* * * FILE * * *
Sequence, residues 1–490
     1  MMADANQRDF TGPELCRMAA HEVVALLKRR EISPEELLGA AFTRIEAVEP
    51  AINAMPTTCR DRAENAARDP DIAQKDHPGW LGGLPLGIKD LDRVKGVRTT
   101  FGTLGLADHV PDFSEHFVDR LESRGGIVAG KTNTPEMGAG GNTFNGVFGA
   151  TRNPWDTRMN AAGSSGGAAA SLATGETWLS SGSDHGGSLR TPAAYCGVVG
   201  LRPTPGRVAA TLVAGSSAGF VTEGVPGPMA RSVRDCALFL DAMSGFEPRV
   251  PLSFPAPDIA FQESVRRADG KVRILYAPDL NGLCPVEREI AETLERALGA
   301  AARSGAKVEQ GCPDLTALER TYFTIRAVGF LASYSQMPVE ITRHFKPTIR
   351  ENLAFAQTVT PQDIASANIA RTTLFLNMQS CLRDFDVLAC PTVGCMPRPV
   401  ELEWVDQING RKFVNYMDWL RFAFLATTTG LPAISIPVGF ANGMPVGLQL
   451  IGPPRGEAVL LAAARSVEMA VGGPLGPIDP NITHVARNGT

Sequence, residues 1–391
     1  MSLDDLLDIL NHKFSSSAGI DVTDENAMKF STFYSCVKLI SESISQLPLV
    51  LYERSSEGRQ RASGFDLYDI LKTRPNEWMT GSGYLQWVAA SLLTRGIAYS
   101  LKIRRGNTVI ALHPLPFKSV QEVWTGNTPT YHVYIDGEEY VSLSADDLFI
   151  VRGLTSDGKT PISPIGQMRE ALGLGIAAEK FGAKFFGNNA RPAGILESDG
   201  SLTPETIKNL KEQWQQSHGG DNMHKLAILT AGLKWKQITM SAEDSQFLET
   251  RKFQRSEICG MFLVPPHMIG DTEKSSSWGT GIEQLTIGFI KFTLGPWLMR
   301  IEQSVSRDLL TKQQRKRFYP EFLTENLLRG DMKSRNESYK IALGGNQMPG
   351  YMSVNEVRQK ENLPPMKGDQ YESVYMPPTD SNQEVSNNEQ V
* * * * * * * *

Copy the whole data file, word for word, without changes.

Sequence, residues 1–490
     1  MMADANQRDF TGPELCRMAA HEVVALLKRR EISPEELLGA AFTRIEAVEP
    51  AINAMPTTCR DRAENAARDP DIAQKDHPGW LGGLPLGIKD LDRVKGVRTT
   101  FGTLGLADHV PDFSEHFVDR LESRGGIVAG KTNTPEMGAG GNTFNGVFGA
   151  TRNPWDTRMN AAGSSGGAAA SLATGETWLS SGSDHGGSLR TPAAYCGVVG
   201  LRPTPGRVAA TLVAGSSAGF VTEGVPGPMA RSVRDCALFL DAMSGFEPRV
   251  PLSFPAPDIA FQESVRRADG KVRILYAPDL NGLCPVEREI AETLERALGA
   301  AARSGAKVEQ GCPDLTALER TYFTIRAVGF LASYSQMPVE ITRHFKPTIR
   351  ENLAFAQTVT PQDIASANIA RTTLFLNMQS CLRDFDVLAC PTVGCMPRPV
   401  ELEWVDQING RKFVNYMDWL RFAFLATTTG LPAISIPVGF ANGMPVGLQL
   451  IGPPRGEAVL LAAARSVEMA VGGPLGPIDP NITHVARNGT

Sequence, residues 1–391
     1  MSLDDLLDIL NHKFSSSAGI DVTDENAMKF STFYSCVKLI SESISQLPLV
    51  LYERSSEGRQ RASGFDLYDI LKTRPNEWMT GSGYLQWVAA SLLTRGIAYS
   101  LKIRRGNTVI ALHPLPFKSV QEVWTGNTPT YHVYIDGEEY VSLSADDLFI
   151  VRGLTSDGKT PISPIGQMRE ALGLGIAAEK FGAKFFGNNA RPAGILESDG
   201  SLTPETIKNL KEQWQQSHGG DNMHKLAILT AGLKWKQITM SAEDSQFLET
   251  RKFQRSEICG MFLVPPHMIG DTEKSSSWGT GIEQLTIGFI KFTLGPWLMR
   301  IEQSVSRDLL TKQQRKRFYP EFLTENLLRG DMKSRNESYK IALGGNQMPG
   351  YMSVNEVRQK ENLPPMKGDQ YESVYMPPTD SNQEVSNNEQ V